I Love Stories Like ThisJune 27, 2009 at 9:48 am | Posted in Finds | 1 Comment
Scavenged on a New Hampshire beach: a 40 million-year-old tooth.
According to the Seacoast Online, “The woman who found a rare fossilized Great White shark tooth at Hampton Beach has decided to donate what she calls the ‘find of her lifetime’ to the University of New Hampshire.
“‘What was I going to do with it?’ asked 63-year-old Diann Barber, who lives on the beach. ‘It would just sit in a drawer and I would take it out every once and a while and say, Oh wow.’
“Hunt Howell of the Coastal Marine Laboratory at UNH accepted the donation of the tooth last week and told Barber the university will use it for educational purposes as well as keep it on display in the Rudman Biological Science Building….
“Barber called donating the tooth the end of an incredible journey. She found the fossilized shark tooth several months ago while searching for sea glass along the shore of Hampton Beach. What appeared to be an odd looking sea shell, she said, turned out to be a tooth of some kind.
“‘Something made me go back and pick it up,’ Barber said. ‘I didn’t know what it was. You find all kinds of things at the beach you never expect to see — beer tabs, cigarette butts, condoms….’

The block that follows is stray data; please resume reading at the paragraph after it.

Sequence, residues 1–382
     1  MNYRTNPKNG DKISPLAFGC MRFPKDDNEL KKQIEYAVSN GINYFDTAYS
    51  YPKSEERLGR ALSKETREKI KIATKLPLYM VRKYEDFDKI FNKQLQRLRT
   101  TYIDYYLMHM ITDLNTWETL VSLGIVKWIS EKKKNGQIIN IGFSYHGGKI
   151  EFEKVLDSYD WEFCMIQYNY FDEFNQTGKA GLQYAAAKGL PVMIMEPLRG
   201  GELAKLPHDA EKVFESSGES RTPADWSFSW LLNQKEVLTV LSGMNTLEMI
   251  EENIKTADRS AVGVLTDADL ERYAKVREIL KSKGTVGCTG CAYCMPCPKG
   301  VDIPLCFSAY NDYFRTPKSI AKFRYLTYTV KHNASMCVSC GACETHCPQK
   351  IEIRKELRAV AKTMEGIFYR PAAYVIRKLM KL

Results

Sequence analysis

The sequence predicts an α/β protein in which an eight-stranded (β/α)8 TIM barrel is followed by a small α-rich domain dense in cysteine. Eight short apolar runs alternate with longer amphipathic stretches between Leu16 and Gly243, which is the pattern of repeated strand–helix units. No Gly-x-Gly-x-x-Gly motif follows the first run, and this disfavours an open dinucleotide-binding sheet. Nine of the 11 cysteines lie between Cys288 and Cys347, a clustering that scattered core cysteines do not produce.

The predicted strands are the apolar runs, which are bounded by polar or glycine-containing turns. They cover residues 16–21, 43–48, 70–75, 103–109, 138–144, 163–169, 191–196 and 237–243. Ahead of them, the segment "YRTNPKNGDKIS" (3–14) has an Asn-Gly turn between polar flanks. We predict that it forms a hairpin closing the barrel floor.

“After the find, her husband, Bill Levis, said his wife spent countless hours researching what kind of tooth it was…. David Bohaska at the Smithsonian aided in identifying the tooth by having Robert W. Purdy, a retired museum specialist, who is an expert on fossilized sharks, take a look at it.
“‘He confirmed that it is carcharodon carcharias, the Great White shark,’ Bohaska said. ‘Bob tells me that this species is known from the Miocene Epoch (about 15 million years ago) to the present.’
“Exactly how old it is and how it got to Hampton Beach is still the question. Bohaska said it’s hard to pinpoint the age of the tooth because Barber found it on the shore. If it was found encrusted in rocks or cliff, it would have been easier to pinpoint a rough time frame. In general it takes approximately 10,000 years for a tooth to become a true fossil, he said.
“Barber said she has enjoyed learning about sharks. ‘I called it doing my homework,’ Barber said. ‘It was really cool to learn about how long ago it existed and how large the animal was. I’m sad that it’s all over. I temporarily had it wrapped around my neck because it was kind of a spiritual thing because it is so old and rare…. This was a really cool journey that will be in my heart always. It was a unique experience in my life.’
“In return for her donation, Barber received a Wildcats sweatshirt and also a mug with a photo of the tooth that she found on it….
“Barber said she still walks the beach every day looking for her next find. ‘I doubt that I will find anything as cool as the shark tooth, but you never know…. There is always something to find at Hampton Beach…. Maybe there is another treasure waiting for me.'”
I love stories like this.